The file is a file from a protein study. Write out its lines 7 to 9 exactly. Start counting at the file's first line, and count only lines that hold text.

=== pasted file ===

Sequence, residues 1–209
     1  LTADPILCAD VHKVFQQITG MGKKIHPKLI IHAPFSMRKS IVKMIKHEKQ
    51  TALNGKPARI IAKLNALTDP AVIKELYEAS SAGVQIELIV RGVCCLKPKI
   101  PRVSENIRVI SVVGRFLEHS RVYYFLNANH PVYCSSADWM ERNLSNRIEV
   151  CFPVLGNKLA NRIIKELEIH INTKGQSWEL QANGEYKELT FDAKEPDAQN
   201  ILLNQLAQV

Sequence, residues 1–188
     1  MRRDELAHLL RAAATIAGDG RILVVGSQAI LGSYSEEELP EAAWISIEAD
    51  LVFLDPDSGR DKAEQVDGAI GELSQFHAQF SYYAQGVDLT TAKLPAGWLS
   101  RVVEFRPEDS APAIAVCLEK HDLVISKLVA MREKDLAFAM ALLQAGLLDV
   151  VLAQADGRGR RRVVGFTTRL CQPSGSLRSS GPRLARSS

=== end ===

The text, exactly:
Sequence, residues 1–188
     1  MRRDELAHLL RAAATIAGDG RILVVGSQAI LGSYSEEELP EAAWISIEAD
    51  LVFLDPDSGR DKAEQVDGAI GELSQFHAQF SYYAQGVDLT TAKLPAGWLS